"There is a basket of bits that you can choose from, so you're looking at what's going to be best for the conditions at any circuit and fine-tuning the things you can adjust to get the best out of the package."
Compared to the spec LMP2, designed to be an effective plug-in-and-play customer car, DPi machines are significantly more refined pieces of kit. Penske turned up to the final round of 2017 at Road Atlanta with a standard ORECA 07, equipped with the universal Gibson V8 engine and spec Cosworth electronics package/engine-management system, so has a clear point of comparison to its Acura ARX-05.
"The LMP2 cars are quite constrained in terms of what they're able to do from a functionality perspective," says Cindric.
"When it comes to fuel-mapping, traction control and all the electronic integration, it's much more complex and integrated in the OEMs than the LMP2 cars are allowed. The number of knobs you can turn with an OEM-specific DPi car is certainly more."
But compared to a decade ago, the teams themselves have a greatly reduced role in this process. Where previously Penske could extensively develop the RS Spyder with in-house Porsche engineers before customer models were made available from 2007, it now operates more as a "support system", according to Cindric.
Experienced engineer Jonathan Diuguid is heading up the programme on the Penske side, but it is HPD project leader Matthew Niles who has the most sway.
"We are there as a consultant in terms of the bodykit and the installation, the dampers as well," says Cindric.
"The working relationship once the racing starts is similar to what we had with Porsche, although that car was much more complicated due to the openness of the regulations at the time. With the ALMS programme you could continually evolve and it required quite a developed infrastructure to do that.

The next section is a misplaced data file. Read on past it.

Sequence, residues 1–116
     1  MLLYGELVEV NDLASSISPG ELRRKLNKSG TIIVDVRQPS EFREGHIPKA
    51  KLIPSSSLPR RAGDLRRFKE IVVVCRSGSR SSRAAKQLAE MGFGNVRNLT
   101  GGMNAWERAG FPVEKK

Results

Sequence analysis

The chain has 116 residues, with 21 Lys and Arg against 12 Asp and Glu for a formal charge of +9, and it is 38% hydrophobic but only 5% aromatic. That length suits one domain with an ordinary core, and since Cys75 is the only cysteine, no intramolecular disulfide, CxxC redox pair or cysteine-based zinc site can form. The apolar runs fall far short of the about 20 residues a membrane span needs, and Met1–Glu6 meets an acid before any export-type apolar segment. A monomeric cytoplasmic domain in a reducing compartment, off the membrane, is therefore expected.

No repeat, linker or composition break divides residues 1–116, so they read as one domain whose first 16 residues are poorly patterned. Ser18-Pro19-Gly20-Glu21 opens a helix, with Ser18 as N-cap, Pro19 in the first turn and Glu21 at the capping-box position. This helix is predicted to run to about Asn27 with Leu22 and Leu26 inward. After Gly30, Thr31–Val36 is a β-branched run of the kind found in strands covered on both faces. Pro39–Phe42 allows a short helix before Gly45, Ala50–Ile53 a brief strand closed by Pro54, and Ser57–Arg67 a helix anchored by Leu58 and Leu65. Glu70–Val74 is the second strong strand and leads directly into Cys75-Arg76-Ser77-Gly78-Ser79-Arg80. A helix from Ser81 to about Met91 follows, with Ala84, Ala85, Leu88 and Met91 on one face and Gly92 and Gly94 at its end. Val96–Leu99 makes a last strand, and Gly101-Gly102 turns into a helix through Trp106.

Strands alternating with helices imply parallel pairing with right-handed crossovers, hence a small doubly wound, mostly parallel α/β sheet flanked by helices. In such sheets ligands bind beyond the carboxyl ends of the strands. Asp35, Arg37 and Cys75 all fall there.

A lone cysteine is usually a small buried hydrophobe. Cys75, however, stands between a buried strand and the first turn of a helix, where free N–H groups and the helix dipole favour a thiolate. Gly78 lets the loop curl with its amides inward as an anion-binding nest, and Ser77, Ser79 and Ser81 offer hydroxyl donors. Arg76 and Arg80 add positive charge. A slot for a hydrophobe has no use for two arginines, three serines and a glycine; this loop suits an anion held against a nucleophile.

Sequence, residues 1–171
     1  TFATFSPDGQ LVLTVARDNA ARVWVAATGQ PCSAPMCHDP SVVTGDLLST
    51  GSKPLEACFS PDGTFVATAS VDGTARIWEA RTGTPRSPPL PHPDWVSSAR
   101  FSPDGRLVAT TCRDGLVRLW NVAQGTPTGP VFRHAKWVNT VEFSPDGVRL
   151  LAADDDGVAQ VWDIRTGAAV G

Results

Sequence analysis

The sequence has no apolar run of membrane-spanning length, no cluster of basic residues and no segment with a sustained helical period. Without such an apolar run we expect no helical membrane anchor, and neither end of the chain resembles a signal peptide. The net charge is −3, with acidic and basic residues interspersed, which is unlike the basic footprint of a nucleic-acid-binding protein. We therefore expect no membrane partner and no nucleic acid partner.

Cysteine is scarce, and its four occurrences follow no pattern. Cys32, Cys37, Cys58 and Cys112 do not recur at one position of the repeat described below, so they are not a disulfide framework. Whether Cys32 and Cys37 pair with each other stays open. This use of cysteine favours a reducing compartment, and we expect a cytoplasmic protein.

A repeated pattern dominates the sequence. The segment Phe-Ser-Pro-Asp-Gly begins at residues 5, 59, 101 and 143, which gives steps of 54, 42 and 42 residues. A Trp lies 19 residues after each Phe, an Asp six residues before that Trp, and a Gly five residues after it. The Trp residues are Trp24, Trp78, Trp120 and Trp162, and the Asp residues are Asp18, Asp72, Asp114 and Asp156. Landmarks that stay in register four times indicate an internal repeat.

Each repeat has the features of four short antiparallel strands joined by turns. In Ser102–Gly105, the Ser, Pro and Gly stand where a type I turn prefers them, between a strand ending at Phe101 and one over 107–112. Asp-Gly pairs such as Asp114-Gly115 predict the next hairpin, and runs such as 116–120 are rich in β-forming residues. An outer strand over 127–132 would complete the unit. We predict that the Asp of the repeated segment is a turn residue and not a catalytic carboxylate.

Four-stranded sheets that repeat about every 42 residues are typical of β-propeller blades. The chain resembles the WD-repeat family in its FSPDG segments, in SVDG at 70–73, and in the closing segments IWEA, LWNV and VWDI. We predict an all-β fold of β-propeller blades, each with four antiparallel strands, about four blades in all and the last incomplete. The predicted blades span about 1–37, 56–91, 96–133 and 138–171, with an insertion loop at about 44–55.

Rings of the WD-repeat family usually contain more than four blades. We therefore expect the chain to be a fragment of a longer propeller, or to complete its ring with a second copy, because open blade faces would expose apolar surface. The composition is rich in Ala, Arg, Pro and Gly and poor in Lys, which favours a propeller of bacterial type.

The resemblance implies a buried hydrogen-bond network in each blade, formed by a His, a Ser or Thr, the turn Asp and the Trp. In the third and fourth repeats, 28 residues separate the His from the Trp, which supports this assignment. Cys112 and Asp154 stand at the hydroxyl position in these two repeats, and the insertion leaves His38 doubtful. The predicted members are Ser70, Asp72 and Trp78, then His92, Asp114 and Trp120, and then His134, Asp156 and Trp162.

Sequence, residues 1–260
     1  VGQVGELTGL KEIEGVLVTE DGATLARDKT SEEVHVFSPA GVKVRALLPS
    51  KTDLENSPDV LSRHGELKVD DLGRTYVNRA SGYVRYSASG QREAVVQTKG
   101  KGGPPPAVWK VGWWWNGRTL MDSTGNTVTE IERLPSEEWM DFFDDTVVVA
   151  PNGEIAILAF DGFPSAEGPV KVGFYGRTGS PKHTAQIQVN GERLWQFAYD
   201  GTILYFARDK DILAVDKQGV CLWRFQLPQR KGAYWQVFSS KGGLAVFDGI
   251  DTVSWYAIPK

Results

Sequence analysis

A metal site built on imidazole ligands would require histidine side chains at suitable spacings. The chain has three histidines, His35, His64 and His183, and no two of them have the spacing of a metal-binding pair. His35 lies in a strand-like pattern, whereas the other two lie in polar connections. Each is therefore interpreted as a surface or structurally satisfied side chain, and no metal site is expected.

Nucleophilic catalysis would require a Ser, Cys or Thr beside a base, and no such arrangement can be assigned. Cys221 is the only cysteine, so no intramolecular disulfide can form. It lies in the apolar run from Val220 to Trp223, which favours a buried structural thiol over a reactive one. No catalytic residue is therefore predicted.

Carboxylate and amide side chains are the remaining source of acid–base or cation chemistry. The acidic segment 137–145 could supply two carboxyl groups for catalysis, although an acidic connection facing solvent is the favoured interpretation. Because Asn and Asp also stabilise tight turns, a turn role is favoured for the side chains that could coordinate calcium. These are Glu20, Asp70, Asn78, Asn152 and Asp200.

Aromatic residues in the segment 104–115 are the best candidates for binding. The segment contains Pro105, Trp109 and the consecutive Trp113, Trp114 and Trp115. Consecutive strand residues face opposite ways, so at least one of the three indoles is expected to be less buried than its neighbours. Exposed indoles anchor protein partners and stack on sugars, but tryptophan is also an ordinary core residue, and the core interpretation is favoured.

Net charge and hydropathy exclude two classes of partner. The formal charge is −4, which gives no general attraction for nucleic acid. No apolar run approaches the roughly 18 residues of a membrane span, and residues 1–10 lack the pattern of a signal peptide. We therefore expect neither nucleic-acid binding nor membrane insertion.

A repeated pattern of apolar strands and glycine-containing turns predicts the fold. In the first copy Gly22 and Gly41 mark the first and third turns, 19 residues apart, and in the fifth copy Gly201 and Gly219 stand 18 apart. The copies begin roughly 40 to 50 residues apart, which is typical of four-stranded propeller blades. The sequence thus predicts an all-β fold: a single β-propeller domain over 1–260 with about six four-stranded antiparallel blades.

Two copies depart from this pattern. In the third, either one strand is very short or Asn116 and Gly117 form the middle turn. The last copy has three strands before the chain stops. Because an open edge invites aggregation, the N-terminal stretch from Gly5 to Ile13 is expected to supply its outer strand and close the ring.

"Once the [DPi] car is homologated it's difficult to develop beyond its initial stage."
This is a double-edged sword because, while it keeps costs down, it means teams are at the mercy of their homologated chassis and have limited avenues in which to bring upgrades.
For Joest managing director Ralf Juttner (below), so used to operating within the freedom of LMP1, the constraints of DPi have taken some getting used to.
"You can't do anything outside the aero boundaries you have been given, the same is true with the engine," says Juttner, who provided behind-the-scenes engineering support to Champion in its early days running the R10 in 2006 and '07.
"We are restricted by what IMSA is telling us to do, or not to do, whereas in the Audi times it was [engine guru Ulrich] Baretzky who did this! It's true we had much more freedom in the past, but it's not as bad as I thought it would be."
On paper, Mazda has all the ingredients needed to challenge for the championship, but its well-publicised struggles underline that DPi is not an easy category to master, regardless of how good the technical partners in your corner.